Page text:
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Franz SCHUBERT (1797-1828)
Quintet for Piano and Strings in A major, D.667 ‘Trout’ (1819)
Sonata for Arpeggione and Piano in A minor, D.821 (version for cello and piano) (1824)
Emanuel Ax (piano)
Members of the Guarneri Quartet with Julius Levine (double bass) - Trout
Lynn Harrell (cello), James Levine (piano) – Arpeggione
Recorded 1984 and 1976 (no other information) DDD/ADD
BMG RCA RED SEAL 82876 55270-2 [64’53]


There is no shortage of excellent budget-priced Trouts in the catalogue, most notably from Richter and the Borodins on EMI Red Line, The Schubert Ensemble on Hyperion’s Dyad series, Ian Brown and the Nash Ensemble on IMP, Jando and the Kodalys on Naxos and Curzon and his Vienna colleagues on Decca. This is just a small cross-section of the dozens available, so this analogue re-issue from RCA would have to be pretty special to find its place.

Whilst I cannot, in all honesty, say that I heard any special insights that would raise this version above the others listed above, it is, nevertheless, a very pleasing and musically satisfying rendition. Ax and his collaborators deliver a version of this much-loved work that is strong on energy and vitality, if a little lacking in poetry and grace. The opening A major arpeggio on the piano sets the tone – this is a Beethovenian flourish, with muscle rather than Viennese charm. Ax’s no-nonsense way with the second subject also dusts down a few cobwebs, but a quick comparison with Curzon shows it to be slightly perfunctory and a little four-square in its phrasing.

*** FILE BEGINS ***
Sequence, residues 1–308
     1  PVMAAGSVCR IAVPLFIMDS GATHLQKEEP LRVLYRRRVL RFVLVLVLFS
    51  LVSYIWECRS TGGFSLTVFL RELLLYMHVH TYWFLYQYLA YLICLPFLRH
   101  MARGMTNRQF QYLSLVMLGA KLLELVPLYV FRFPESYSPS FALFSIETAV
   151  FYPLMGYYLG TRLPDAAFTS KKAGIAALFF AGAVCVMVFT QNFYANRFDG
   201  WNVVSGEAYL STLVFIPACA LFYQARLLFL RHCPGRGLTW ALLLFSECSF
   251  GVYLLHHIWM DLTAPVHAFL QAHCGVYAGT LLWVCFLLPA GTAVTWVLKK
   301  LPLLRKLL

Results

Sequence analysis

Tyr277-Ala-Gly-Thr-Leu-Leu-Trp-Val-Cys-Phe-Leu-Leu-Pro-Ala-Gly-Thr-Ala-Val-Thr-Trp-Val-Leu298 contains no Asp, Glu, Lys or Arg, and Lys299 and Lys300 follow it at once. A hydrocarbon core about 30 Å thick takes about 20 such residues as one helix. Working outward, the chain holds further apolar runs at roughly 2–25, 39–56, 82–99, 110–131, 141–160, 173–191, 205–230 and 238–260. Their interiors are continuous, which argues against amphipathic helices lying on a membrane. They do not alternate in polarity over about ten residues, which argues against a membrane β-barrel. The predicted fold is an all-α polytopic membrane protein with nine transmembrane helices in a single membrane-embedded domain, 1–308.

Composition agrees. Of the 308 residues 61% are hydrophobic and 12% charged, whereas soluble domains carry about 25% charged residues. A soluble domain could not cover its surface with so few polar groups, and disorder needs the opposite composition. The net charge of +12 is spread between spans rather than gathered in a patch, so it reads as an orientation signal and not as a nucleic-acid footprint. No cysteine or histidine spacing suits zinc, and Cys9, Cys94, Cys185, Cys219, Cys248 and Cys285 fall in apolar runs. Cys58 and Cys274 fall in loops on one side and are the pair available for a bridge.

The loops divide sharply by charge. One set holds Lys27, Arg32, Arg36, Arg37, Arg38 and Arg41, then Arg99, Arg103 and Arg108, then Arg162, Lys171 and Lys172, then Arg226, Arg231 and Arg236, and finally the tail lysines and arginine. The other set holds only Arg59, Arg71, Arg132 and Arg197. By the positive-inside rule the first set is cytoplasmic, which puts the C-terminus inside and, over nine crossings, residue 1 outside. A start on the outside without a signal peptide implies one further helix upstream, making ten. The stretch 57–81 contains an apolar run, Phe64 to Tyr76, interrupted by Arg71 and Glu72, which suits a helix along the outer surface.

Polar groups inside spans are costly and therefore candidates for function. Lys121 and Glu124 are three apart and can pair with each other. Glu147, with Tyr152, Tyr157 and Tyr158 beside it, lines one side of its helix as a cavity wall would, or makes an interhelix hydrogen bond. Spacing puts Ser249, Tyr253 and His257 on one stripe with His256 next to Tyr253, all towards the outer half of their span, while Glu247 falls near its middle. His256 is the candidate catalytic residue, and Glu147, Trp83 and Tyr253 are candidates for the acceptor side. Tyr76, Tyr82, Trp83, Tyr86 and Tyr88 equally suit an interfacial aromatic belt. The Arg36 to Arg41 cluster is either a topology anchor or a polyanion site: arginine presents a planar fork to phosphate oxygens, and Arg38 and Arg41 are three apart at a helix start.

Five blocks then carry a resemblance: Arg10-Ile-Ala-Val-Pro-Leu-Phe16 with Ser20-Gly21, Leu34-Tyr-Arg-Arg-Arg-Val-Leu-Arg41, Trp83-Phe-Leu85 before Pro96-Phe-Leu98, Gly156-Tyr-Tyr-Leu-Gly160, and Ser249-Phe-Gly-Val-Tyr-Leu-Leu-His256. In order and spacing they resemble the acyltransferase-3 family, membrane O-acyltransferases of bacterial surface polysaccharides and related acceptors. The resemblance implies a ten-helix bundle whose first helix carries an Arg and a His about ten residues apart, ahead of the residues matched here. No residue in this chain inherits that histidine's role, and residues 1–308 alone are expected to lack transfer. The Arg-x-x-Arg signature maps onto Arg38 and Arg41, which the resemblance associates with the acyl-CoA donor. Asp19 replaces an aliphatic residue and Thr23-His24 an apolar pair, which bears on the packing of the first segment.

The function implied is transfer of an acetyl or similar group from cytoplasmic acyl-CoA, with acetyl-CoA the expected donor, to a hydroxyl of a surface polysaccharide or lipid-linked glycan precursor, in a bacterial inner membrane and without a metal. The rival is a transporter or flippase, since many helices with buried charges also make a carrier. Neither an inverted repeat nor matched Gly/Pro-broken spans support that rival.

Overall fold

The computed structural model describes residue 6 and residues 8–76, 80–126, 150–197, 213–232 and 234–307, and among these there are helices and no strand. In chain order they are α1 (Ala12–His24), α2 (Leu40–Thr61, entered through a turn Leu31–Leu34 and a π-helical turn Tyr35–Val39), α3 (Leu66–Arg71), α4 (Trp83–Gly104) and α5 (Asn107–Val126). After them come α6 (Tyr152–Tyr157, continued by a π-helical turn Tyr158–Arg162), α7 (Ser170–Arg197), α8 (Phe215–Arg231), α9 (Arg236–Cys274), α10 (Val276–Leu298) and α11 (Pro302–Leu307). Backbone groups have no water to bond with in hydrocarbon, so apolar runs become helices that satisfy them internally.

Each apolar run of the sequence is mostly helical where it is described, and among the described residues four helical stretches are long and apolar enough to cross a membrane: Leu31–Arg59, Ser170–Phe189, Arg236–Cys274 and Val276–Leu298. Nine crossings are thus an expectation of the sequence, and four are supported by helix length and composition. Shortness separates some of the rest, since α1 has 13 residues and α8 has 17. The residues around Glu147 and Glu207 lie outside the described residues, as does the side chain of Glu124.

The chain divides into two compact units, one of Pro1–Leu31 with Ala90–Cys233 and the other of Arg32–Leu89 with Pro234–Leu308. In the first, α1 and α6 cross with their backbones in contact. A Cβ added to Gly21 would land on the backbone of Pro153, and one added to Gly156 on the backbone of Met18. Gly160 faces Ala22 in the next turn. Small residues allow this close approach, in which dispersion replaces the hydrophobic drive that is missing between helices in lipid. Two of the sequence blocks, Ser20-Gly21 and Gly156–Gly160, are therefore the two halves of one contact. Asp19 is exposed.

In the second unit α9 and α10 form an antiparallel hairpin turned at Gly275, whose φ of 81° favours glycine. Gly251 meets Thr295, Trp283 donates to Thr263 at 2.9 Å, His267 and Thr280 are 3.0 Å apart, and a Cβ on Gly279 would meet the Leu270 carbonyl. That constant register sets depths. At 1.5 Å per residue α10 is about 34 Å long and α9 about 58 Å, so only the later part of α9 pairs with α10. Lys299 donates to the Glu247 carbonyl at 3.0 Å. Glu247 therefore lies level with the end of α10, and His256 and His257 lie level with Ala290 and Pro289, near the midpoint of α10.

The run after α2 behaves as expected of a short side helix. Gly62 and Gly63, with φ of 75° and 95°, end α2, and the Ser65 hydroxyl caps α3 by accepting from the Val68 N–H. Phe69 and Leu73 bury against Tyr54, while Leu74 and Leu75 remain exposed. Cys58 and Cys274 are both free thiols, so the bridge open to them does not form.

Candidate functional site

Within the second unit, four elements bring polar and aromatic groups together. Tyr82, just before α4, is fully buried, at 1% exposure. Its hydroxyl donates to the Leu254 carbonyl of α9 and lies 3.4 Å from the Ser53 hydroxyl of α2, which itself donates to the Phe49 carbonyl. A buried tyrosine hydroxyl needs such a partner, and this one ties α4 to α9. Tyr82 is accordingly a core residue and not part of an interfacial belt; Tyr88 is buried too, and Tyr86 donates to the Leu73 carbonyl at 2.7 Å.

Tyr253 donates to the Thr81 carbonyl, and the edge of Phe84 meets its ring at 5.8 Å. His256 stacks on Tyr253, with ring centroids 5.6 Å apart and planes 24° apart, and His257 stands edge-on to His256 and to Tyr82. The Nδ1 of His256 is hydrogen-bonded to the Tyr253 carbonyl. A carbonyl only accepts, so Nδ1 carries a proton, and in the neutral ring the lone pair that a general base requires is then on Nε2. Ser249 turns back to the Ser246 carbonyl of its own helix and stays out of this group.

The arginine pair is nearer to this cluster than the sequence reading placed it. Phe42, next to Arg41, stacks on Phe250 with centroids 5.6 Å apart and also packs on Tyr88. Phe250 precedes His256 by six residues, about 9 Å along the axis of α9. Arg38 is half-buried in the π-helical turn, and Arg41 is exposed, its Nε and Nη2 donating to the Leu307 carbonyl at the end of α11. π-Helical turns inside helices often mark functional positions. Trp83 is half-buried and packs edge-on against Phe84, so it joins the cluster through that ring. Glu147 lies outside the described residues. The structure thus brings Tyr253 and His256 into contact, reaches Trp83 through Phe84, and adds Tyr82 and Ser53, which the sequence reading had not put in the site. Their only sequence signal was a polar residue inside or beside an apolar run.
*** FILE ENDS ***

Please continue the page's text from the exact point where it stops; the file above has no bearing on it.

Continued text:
The players do show a degree of flexibility in the lovely andante, but the edge of aggression returns in the scherzo, which is certainly a true presto but lacks a touch of give and take. The famous variation movement comes off well, with the rapport between strings and piano probably at its best here. A strong, vibrant finale completes an invigorating reading that will please those who like a strong, up-front approach to this music. The recording is analogue and has plenty of body, but is balanced in favour of the strings, with subsequent loss of some piano detail.

Harrell and Levine’s Arpeggione is a delight, with warm, rounded tone and playing of great variety and colour. They search out nuances without losing energy or distorting the phrasing. The sound is digital and excellent. Like the Trout, there is no shortage of serious competition in this piece, but it completes a good budget disc which, if you were to purchase on impulse, would certainly not disappoint.

Tony Haywood



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